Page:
it just so happens that I’m at the midpoint with game #27. Time to do a bit of reflection about the games I’ve made at this point, while pointing out some of my favorite. I’ll be the first to admit that some of these games are really rough, but that’s the point of the game a week challenge. Each week I get to dig into an idea, try something new, or learn a new system and every week I get a little bit better. Another bonus of the challenge is being pleasantly surprised by what you’re able to do with the given constraints. Of the twenty six or so games I’ve made, I think these are my favorites:

Screen Shot 2014-03-17 at 3.56.30 PM
Time Enough To Travel
Time enough to travel was my first real attempt at making a point and click adventure from the ground up. I was feeling pressure from the time constraints of the game a week challenge and decided to draw on that feeling of time slipping away. I also had a lot of fun coming up with the sparse bits of writing (when am I ever going to get the chance to say the player died of bee stings like the dude from the movie ‘my girl’ again?). Plus, people liked to play it, so that’s always a good sign.
Read more about Time Enough to Travel
Play it!

I loved doing the art for intrigue. I always wanted to do something that had a Edward Gorey-esque style to it. I also love logic puzzles, so it was a no brainier to combine the two for a mystery game. It’s also the only game a week game that I’ve made a sequel for.
Read about it!
Play it!

mental block
Mental Block
I really like the flexibility of this game. Mental Block is a gravity based puzzle game where all objects on the screen move at once and you control where gravity is pointing (up, down, left, right). The rooms were fun to make because they’re all written as text files that are interpreted by the game loader. If i could make a change to this game, I’d try to add a twitter component so that players could tweet levels to one another.
Play it!

Hello, universe
Hello, Universe
Hello, Universe was the first game a week game that I entered into a game jam. The theme was “Space Cowboy” and I tried to think of a cool way to mix the western tropes with some more modern tech. I decided on making a game where, after a hard day of work, you sent messages to star clusters using morse code. The game was difficult but had a cool ‘a-ha!’ moment when you made contact with the first star cluster. It placed at #21 just shy of the top twenty. It was also the first of my games to get a ‘let’s play’, so that’s cool.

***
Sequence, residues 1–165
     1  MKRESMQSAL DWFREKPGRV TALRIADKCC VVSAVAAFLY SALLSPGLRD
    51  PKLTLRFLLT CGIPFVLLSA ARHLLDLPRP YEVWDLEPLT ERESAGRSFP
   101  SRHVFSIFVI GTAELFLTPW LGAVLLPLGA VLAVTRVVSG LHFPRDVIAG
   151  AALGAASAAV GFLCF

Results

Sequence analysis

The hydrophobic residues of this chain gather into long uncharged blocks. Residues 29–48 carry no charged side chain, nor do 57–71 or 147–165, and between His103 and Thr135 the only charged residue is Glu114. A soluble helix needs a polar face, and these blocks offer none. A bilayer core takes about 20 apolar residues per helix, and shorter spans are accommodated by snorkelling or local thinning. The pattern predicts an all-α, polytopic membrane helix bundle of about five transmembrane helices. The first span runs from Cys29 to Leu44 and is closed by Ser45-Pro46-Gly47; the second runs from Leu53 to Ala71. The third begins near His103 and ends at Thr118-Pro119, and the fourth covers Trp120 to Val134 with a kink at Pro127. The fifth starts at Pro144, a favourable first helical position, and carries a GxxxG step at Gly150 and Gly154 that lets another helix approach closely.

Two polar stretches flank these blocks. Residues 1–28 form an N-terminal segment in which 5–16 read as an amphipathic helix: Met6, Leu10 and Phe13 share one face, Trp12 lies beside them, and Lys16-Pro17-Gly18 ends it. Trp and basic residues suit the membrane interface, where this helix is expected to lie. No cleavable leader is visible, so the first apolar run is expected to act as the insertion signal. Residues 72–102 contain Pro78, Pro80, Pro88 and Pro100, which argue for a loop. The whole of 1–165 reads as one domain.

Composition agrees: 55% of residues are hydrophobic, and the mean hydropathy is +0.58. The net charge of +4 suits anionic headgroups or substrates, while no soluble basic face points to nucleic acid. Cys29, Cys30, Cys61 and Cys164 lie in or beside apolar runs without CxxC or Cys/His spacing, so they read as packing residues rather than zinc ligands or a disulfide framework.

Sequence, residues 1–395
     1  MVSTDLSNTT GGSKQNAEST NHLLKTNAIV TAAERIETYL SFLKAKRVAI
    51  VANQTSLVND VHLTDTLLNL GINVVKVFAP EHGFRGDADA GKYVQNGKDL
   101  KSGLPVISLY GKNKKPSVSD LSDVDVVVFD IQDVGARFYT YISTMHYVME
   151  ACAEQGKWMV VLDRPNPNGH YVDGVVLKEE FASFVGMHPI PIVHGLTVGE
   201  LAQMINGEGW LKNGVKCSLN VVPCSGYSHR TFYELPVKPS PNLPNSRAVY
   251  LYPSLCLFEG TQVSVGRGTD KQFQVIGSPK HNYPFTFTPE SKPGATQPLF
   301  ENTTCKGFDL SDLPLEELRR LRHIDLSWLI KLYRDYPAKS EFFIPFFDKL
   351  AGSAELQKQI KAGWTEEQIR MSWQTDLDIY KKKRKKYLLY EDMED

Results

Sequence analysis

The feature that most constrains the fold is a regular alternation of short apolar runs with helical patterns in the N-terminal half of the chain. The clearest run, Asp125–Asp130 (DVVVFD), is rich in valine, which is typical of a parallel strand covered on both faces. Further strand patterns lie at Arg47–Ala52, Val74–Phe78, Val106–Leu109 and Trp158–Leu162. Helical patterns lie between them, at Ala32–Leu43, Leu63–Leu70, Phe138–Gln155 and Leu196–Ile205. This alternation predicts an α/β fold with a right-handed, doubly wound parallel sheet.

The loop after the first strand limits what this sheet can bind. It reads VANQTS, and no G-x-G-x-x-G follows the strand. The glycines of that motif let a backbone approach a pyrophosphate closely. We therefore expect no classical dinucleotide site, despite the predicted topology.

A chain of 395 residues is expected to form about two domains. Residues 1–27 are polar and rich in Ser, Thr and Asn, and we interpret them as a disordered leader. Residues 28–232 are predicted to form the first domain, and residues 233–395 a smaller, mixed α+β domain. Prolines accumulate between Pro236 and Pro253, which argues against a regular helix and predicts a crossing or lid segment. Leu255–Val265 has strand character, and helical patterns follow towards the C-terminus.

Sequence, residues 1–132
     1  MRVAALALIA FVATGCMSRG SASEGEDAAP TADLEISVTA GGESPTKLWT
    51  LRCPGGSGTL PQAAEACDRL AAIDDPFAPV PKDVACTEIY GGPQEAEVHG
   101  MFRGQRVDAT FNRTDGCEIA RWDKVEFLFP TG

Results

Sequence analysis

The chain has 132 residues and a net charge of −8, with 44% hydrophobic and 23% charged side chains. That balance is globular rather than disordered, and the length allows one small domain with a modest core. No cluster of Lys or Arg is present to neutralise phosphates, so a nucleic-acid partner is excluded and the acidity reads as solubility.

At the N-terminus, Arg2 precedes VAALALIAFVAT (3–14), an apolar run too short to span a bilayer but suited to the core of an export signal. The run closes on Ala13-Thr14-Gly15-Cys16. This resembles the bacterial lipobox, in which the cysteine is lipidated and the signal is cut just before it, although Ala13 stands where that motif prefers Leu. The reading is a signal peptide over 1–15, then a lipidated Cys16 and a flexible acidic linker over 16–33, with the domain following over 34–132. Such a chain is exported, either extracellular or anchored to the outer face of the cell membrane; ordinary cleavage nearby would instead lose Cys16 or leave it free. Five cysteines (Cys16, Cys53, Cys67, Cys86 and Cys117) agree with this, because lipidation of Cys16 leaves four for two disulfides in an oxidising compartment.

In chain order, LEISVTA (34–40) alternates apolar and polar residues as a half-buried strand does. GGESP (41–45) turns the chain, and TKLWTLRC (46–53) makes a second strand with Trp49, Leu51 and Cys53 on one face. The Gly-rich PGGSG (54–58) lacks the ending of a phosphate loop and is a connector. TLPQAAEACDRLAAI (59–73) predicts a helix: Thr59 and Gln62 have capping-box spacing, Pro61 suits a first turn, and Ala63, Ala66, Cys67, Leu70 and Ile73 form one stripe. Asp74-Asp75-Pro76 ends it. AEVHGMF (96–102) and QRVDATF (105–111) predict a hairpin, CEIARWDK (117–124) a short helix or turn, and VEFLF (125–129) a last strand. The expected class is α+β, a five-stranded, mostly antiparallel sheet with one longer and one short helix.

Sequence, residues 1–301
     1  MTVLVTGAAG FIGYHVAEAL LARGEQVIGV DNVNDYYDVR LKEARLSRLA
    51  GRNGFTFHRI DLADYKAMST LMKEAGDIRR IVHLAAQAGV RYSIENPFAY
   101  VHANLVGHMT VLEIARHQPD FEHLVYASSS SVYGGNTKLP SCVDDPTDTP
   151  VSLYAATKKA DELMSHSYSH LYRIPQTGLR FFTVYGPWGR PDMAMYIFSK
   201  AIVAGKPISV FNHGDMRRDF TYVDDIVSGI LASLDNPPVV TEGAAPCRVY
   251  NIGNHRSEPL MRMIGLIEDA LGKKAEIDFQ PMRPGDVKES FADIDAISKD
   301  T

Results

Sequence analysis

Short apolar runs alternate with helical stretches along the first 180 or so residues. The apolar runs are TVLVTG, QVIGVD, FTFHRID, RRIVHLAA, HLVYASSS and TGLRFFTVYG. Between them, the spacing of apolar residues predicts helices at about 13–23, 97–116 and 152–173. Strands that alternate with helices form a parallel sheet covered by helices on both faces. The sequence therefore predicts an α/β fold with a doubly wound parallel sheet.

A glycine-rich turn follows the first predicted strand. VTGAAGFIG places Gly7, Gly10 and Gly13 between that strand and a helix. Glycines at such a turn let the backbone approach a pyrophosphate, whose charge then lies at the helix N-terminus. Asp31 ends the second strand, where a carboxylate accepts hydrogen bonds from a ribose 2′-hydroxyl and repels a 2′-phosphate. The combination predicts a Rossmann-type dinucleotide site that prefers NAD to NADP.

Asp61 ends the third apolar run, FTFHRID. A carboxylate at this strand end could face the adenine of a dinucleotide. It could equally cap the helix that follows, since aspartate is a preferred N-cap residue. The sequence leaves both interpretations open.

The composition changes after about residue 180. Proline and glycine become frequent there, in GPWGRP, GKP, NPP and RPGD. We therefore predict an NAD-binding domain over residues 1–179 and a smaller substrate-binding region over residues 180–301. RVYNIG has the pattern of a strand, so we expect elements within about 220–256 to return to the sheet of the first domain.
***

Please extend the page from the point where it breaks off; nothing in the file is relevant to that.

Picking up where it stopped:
Play it!
Let’s Play

Screen Shot 2014-04-09 at 7.41.54 PM
Amazing is one of those games that only a mother could love. If there’s any game on this list that really needs a remake, it’s this one. I like the mechanic and it gets really difficult after a while. With more polish, I think this game could really shine.
Read more about it here
Play it!

I also really liked Ask the Fireflies, but it’s a bit less game-y and more atmospheric.

Intelligence Crisis: Codename MACBETH

Best Business game awardAdaptive force award

Game Description:
In MACBETH, players, called “analysts,” are presented with a fictional scenario of an impending terrorist attack, and their task is to figure out who the suspect is, where the attack will occur, and what method of attack will be used. MACBETH is a turn-based game, where a human participant plays cooperatively with two non-playable characters (NPCs). In any one turn, analysts are able to gather two pieces of information about the suspect, location, and/or weapon from a combination of intel sources. After gathering information, the human player can generate a hypothesis or aid another analyst (an NPC) if they have information proving or disproving the other analyst’s current hypothesis. Throughout the game, analysts learn about the cognitive biases, and receive implicit and/or explicit feedback (based on condition) encouraging them to delay making a hypothesis, seek disconfirming information that can be used to disprove their hypothesis, and offer alternative hypotheses in their efforts to mitigate confirmation bias.

macbethMap macbethHub

Lead Game Designer / Game Prototype Designer.


  • 2014 Best Business Game – Intelligence Crisis: Codename MACBETH Serious Games Showcase.
  • 2014 Best Adaptive Force Game – Intelligence Crisis: Codename MACBETH Serious Games Showcase.

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Fair Play

Player's Choice

Game Description:
Fair Play was created as a way to address issues of implicit bias in a safe environment. In Fair Play, the player assumes the role of Jamal, a new graduate student. Along the way, the player is face with bias scenarios, which they must address in order to successfully make it through their first year. It was our hope that, through gameplay, players will be exposed to various anti-bias strategies, which they will incorporate into their daily lives.

fairplay_logo fp

fairplay1 fp3 fp4

Play Now!
Mac PC

Lead Game Designer, Programmer, Writer, Producer.


  • 2012 People’s Choice Award, Fair Play, awarded at Meaningful Play 2012 Conference Game Exhibition, East Lansing, MI, October 18-20.


Team members: Sarah Chu, Belinda Gutierrez, John karczewski, Adam Wiens, Erin Robinson, Jake Ruesch, Allison Salmon, Greg Vaughan.